Message from the President

Main Article Content

Michael Vitale


Welcome to Volume 3 of our JPOSNA.

This continues to impress in every regard. As you read through this exciting edition, you will see that JPOSNA offers something for everyone. From updates around practice management issues like coding to overviews of pain management and gait analysis to cutting edge multimedia “Masters Techniques” to important communication about efforts to improve quality in our field, JPOSNA is YOUR Journal.

And speaking of quality improvement in our field, kudos to Kevin Shea and the QSVI council for launching our Pediatric Safe Surgery Program (PSSP) which is about to go live in its beta version. I will let him share some of the details, but congratulations to the team for persistence in this effort to make care better for kids with orthopaedic problems!

See you in Dallas in May!

POSNA Safe Surgery Program 2021

The POSNA Safe Surgery Program (PSSP) does not seek to rank individual centers with respect to other centers–the logistical, operational, and statistical obstacles to this approach are significant. Practice assessment and risk factor adjustment are major obstacles to ranking. Furthermore, we do not believe that formal program ranking is the optimal way to drive quality and performance improvement amongst POSNA member surgeons and affiliated health systems. Our goal is to develop a program that supports all POSNA members and affiliated health systems on their path to ideal care–the right treatment for each patient, the best possible outcome, with zero harm. 

After greater than 2 years of development work, the POSNA Safe Surgery Program (PSSP) will enter a 2-year Demonstration Period. In order to refine the program, we begin an evaluation phase where the program will be available to POSNA BOD members and QSVI Committee Chairs. Our primary goals include:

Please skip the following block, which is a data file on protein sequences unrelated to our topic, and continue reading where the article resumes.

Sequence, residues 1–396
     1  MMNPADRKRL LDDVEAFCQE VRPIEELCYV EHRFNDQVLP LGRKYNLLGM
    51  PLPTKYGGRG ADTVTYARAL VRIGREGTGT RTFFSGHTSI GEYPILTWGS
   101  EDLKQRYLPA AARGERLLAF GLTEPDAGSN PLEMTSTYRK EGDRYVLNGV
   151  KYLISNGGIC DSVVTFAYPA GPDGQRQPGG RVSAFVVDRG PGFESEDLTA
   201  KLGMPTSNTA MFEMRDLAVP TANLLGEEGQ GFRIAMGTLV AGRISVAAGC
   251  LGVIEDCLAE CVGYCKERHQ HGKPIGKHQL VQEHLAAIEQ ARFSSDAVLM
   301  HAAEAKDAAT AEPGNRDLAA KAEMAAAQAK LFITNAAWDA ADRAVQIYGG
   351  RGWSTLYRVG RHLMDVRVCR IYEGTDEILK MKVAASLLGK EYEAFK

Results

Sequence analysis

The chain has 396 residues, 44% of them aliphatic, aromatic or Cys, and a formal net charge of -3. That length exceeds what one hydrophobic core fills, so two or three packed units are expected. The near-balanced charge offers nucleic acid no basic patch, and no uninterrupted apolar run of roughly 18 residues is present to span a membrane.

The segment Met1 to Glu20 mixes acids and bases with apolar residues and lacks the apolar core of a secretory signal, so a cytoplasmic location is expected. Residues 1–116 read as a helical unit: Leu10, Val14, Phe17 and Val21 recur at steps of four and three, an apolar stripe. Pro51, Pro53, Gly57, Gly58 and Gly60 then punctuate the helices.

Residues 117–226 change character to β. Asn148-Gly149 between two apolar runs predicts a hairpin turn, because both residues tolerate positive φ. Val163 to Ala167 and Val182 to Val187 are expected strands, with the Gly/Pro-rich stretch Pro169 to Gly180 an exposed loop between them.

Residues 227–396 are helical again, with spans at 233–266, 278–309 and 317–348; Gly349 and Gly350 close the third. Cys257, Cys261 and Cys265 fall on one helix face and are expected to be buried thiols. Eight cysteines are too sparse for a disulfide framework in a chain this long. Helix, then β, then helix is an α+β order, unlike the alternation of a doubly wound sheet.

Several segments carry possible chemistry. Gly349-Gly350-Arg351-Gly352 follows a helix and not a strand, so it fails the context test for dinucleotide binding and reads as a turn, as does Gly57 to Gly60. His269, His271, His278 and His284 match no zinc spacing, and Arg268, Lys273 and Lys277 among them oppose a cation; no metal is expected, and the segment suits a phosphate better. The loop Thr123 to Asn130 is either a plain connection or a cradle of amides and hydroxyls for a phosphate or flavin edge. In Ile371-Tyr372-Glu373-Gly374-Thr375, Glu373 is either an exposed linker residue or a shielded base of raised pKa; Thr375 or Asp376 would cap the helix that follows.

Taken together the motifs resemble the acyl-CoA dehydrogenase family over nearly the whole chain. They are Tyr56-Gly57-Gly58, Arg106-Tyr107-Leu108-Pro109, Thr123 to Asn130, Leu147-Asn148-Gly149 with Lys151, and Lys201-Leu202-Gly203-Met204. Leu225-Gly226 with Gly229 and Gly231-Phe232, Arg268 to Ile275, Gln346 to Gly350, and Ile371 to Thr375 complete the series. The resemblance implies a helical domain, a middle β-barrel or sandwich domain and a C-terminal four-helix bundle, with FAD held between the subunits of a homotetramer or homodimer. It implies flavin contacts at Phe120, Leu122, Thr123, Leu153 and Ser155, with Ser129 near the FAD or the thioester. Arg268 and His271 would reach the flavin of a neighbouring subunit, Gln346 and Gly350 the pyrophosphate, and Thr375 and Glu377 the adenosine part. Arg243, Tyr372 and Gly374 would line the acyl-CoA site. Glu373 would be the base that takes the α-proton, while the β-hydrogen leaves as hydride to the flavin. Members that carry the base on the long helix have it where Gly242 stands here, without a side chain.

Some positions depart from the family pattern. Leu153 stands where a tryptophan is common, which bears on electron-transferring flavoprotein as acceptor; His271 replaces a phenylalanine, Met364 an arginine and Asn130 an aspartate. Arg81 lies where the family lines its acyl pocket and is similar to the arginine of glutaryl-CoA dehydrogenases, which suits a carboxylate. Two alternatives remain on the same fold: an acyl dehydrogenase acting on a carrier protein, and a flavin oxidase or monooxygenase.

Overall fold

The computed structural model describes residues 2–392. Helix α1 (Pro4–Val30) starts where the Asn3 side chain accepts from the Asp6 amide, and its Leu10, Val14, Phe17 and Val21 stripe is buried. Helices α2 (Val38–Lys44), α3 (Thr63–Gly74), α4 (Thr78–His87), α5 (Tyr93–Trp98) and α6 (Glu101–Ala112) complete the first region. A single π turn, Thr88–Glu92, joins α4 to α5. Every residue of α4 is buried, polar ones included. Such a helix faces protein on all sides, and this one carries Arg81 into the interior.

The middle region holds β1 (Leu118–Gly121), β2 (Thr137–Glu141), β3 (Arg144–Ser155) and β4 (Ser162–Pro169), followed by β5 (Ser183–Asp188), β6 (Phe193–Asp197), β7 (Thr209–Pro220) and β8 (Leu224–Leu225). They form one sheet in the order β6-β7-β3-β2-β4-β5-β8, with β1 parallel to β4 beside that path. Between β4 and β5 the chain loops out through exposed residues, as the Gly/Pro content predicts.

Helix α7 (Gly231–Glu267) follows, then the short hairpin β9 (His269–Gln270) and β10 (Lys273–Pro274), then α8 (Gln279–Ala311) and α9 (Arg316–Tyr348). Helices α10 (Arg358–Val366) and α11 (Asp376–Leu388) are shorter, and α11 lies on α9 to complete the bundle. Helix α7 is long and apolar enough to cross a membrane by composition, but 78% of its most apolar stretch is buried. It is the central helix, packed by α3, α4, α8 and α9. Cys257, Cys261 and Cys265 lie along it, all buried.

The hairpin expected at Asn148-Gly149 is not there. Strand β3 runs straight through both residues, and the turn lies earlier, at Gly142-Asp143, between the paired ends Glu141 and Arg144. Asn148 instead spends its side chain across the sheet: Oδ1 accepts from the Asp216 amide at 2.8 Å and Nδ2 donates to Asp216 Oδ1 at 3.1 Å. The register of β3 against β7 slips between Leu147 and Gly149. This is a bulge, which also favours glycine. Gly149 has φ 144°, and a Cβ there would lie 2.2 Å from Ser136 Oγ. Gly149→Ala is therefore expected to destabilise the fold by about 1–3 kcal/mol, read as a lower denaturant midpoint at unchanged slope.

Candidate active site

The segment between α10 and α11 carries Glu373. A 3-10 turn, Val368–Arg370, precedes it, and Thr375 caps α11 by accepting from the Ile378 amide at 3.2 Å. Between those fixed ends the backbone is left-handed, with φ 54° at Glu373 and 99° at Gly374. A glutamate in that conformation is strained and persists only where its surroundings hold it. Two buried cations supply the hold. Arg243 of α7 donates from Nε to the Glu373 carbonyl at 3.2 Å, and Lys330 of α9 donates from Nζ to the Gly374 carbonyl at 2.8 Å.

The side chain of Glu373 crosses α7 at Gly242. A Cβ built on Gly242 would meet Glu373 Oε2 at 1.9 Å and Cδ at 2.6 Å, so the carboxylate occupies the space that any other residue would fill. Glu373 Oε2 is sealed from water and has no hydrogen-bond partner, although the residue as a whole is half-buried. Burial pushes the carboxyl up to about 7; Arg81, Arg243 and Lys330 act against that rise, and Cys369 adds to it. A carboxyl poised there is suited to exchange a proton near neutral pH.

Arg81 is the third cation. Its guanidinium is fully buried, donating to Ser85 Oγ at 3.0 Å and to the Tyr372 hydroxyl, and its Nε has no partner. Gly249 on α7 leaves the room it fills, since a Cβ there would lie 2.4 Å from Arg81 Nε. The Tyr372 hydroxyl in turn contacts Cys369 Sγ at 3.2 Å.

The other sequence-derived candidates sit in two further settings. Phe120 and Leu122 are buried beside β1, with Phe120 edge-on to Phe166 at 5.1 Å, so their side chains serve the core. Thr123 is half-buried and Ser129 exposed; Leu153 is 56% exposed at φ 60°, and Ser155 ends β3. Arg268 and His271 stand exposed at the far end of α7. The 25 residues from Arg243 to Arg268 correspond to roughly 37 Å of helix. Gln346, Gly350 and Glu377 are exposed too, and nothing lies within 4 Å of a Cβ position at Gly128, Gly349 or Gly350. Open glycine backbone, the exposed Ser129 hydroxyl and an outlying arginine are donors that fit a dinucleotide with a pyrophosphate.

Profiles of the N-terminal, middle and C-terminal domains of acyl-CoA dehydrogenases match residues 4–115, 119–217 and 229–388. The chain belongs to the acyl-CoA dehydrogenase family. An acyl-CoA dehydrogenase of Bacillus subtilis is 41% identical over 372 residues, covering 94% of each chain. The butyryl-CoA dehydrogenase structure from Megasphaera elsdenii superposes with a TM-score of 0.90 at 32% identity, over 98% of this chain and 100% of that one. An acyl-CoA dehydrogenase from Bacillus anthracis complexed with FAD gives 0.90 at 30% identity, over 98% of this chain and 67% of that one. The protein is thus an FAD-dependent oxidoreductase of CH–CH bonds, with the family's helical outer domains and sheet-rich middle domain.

1. To focus upon patients and their families as we improve outcomes

  2. To engage the physician expertise of POSNA members to develop, implement, and evaluate the impact of quality metrics

  3. To provide expert clinicians a framework to decide best practices which optimize outcomes in different subspecialties

At this stage, 24 metrics have been developed with input from small, medium, and large centers as well as private independent groups and major academic centers in the following subspecialties: Spine, Sports, Hip/Lower Extremity, Hand/Upper Extremity, and Trauma. These metrics will be available on the POSNA website, and beta testing sites will answer questions and provide detailed responses to these metrics. We expect that different programs will solve clinical challenges with unique and effective approaches. Regular progress reports will be provided to the Quality Safety Value Council and the BOD. We will modify our metrics as appropriate, and we will provide updates to the POSNA membership going forward. We intend to use this information to develop a “learning collective” in which information is shared freely and to create quality performance improvement opportunities across centers. We strive not just for high reliability but also effectiveness and efficiency of care. We seek to become a HERO–Highly Effective and Reliable Organizations.

The POSNA Safe Surgery Program recognizes that healthcare is provided in a highly matrixed, complex care environment that requires a large team. While individual surgeons play a major role in the leadership of the care team, we are dependent upon our health system to provide the resources necessary to provide optimal care to our patients and families.  As such, many of the metrics emphasize the importance of health system commitment and provision of appropriate resources to provide ideal care. These metrics will provide POSNA members a framework upon which to build administrative, operational teams in their ambulatory and surgical environments.

We look forward to your feedback on the POSNA Safe Surgery Program.


Article Details

How to Cite
Vitale, M. . (2021). Message from the President. Journal of the Pediatric Orthopaedic Society of North America, 3(1).